Of releasing his torpedo and avoiding anti-aircraft fire, Gay said: “…..I flew right straight to her (the Kaga) and offered as small as a target as I could. So I flew right down the gun barrels, pulled up on the port side, did a flipper turn right by the carrier island….. I could see the little Jap captain up there jumping up and down raising hell, and I thought about wishing I had a .45 pistol so that I could take a pot shot at him. Maybe I couldn’t hit him, but, if nothing else, thrown the gun at him, but I then dropped right back down on the deck and flew aft looking at all these airplanes.”
The Japanese commander, Nagumo, now aware an American fleet was in the area, postponed the second strike on Midway Island and ordered the deck crew to change ordnance from fragmentation bombs to armor piercing bombs. Seeing bombs stacked all over the flight deck and fuel lines actively refueling Japanese airplanes, Gay briefly contemplated a suicide dive.
Gay: “It’s when a fellow is just gone and he knows it, it is just crash into the ship or crash into the sea, and you have enough control to do a bit more damage, then you crash into the ship.”
With his torpedo bomber still in good enough shape to head for home, Gay dismissed a suicide dive. Instead, he flew the length of the Kaga’s deck and out to sea. He was immediately ambushed by five Zero fighters. With his rudder control and ailerons shot to pieces, Gay splashed into the Pacific.
Gay: “That’s when I got scared. I was afraid I was going to drown in the plane. I got out of there and thought about my rear gunner, made a dive to try and pick him up, but I couldn’t get to him. The first thing I saw after I came to the surface was one of those Japanese carriers headed right straight for me and she was landing planes.”
As 25-year-old Ensign George Gay hid under his seat cushion, an enemy carrier passed about 500 yards west of his position and an escorting Jap cruiser passed within 500 yards east of his position. During the heat of the battle, other Japanese ships passed Gay but they never spotted the lone airman.
The sacrifices of the torpedo bombers created an opportunity for the arriving American dive bombers. The Japanese Zeroes were too low to regain enough altitude to intercept the Americans and the anti-aircraft gunners were concentrating on the American torpedo bombers. Down they came, releasing their bombs onto three Japanese carriers with bombs stacked on their decks and fully fueled airplanes ready for takeoff.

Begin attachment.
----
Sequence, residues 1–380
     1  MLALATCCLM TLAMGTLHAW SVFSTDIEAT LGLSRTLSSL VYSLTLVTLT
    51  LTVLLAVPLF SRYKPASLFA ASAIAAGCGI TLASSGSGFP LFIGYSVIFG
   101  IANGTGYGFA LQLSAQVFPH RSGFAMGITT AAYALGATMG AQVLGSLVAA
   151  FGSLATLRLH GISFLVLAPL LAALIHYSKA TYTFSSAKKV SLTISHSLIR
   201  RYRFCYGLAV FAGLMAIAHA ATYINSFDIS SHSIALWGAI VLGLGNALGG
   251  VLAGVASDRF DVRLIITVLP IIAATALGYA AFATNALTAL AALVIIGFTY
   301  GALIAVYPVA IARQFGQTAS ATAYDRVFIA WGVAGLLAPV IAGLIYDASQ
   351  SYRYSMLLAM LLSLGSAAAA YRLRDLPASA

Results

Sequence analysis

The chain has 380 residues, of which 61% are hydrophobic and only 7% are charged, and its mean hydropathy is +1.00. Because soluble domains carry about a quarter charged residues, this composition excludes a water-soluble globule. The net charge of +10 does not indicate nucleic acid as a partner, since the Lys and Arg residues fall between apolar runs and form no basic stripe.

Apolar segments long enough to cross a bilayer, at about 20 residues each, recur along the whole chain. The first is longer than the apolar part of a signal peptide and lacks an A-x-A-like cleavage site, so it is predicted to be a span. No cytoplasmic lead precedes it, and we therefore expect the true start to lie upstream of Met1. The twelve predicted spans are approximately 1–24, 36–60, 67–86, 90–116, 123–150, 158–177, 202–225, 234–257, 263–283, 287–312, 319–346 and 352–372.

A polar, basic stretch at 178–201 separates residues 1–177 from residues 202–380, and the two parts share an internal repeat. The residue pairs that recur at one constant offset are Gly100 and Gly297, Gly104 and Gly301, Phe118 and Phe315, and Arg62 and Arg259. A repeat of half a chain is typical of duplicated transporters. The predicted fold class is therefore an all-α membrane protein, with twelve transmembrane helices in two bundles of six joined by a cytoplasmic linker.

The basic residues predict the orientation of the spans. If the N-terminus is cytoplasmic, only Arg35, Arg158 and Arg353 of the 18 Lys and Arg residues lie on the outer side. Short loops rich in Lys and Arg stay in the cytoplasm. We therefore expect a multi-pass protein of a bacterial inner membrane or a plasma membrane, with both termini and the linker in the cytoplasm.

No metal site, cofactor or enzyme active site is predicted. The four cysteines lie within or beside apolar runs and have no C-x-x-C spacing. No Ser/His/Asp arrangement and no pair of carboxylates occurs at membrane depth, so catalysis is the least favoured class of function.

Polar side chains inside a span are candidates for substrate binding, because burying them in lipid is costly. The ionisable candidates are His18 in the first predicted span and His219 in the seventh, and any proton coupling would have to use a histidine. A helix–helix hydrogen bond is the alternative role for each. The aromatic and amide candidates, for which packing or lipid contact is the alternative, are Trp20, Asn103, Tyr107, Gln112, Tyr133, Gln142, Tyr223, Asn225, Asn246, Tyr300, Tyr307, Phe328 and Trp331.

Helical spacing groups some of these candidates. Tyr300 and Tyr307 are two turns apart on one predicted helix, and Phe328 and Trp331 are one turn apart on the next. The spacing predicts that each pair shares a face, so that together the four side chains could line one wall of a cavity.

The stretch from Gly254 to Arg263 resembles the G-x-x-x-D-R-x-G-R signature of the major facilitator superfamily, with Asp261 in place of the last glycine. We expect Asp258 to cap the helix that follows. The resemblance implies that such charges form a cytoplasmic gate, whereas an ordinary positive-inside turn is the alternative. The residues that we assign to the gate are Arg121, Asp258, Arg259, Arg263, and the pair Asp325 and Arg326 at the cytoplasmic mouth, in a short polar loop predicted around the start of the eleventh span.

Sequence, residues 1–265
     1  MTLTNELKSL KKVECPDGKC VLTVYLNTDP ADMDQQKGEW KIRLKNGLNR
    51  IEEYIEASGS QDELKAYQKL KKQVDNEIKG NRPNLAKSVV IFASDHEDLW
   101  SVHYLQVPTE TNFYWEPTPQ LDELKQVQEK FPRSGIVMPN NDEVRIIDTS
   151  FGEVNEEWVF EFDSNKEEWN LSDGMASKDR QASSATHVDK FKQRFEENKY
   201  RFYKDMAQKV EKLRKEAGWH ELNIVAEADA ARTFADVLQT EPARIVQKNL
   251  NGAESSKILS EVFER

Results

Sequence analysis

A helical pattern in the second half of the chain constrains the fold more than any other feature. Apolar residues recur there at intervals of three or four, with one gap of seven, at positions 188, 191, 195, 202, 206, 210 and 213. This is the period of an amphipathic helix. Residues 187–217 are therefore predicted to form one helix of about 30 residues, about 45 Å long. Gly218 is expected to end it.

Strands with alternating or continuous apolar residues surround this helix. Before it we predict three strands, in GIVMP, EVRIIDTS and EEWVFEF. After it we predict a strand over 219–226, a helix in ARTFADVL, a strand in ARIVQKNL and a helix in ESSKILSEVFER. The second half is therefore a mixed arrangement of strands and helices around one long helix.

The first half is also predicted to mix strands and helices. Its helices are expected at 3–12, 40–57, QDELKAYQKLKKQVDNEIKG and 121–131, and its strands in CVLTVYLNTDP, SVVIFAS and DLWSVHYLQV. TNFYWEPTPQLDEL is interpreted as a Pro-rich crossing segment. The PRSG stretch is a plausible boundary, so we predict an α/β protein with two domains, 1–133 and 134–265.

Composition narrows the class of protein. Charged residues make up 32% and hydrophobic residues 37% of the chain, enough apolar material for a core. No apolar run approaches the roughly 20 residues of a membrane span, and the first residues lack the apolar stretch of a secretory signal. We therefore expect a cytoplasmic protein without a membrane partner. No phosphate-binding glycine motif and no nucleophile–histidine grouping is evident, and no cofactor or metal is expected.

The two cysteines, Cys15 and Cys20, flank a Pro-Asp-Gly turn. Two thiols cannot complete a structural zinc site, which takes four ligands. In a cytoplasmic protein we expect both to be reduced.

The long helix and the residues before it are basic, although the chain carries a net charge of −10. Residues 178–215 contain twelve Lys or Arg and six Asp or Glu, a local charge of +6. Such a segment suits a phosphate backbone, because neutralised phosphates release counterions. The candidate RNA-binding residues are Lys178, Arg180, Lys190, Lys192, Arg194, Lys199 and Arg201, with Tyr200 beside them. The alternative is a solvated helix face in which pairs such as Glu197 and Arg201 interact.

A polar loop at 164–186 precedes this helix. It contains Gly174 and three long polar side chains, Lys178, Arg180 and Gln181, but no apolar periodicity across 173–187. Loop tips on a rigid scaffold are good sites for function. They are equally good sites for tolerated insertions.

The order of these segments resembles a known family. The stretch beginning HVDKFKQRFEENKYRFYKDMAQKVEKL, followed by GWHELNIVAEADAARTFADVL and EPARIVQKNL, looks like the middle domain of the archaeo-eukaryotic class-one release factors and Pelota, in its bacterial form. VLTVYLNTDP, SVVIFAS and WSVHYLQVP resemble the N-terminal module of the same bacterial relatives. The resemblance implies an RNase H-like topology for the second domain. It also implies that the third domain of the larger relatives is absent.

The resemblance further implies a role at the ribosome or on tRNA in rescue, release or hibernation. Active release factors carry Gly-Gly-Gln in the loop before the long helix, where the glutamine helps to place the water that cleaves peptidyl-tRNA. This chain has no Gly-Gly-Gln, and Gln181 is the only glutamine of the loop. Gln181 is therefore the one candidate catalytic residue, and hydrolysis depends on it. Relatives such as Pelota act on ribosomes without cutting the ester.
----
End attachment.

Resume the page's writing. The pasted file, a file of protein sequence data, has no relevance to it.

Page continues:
Within six minutes the pride of the Japanese fleet, the carriers Akagi, Soryu, and Kaga were sinking burning hulks. The fourth carrier, Hiryu, would be sent to the bottom the next day.
Gay: “I was right smack in the middle of it. But boy, I’ll tell you, those explosions and all the steel and shrapnel and their anti-aircraft fire and everybody shooting at everything, there were a lot of places I’d rather been. So, I sat in the middle of the largest, and certainly the most decisive naval battle in history, I’m right smack in the middle of it, all day and all night.”
George Gay witnessed the destruction of three Japanese carriers and spent 30 hours in the water, and out of 30 men in Torpedo Squadron 8, Gay was the only survivor. A Navy PBY flying boat eventually rescued Gay.
Hospitalized at Pearl Harbor, doctors discovered that Gay had lost 30 pounds during his ordeal. He was visited by the commander of the American Pacific Fleet, Admiral Chester Nimitz. Nimitz was the first to hear Gay’s story. Nimitz sent Gay home to recuperate and to utilize his story to gain support of the war effort.
Within four months, Gay was back in action. Still assigned to a Torpedo Squadron, Gay participated in the struggle for Guadalcanal, skipped-bombed enemy vessels, dropped mines in enemy harbors from 800 feet altitude and later became a Navy flight instructor.
After the war, Gay spent 30 years as a pilot for Trans-World Airlines, lectured on his experiences, authored the book ‘Sole Survivor’ and worked as a consultant on the set for the movie ‘Midway.”
Gay: “I don’t know why that day happened like it did. I didn’t do anything more than anyone else except survive.”
After his death and subsequent cremation, George Gay’s ashes were spread over a battlefield in the Pacific Ocean called Midway. All the flyboys of Torpedo Squadron 8 were together again.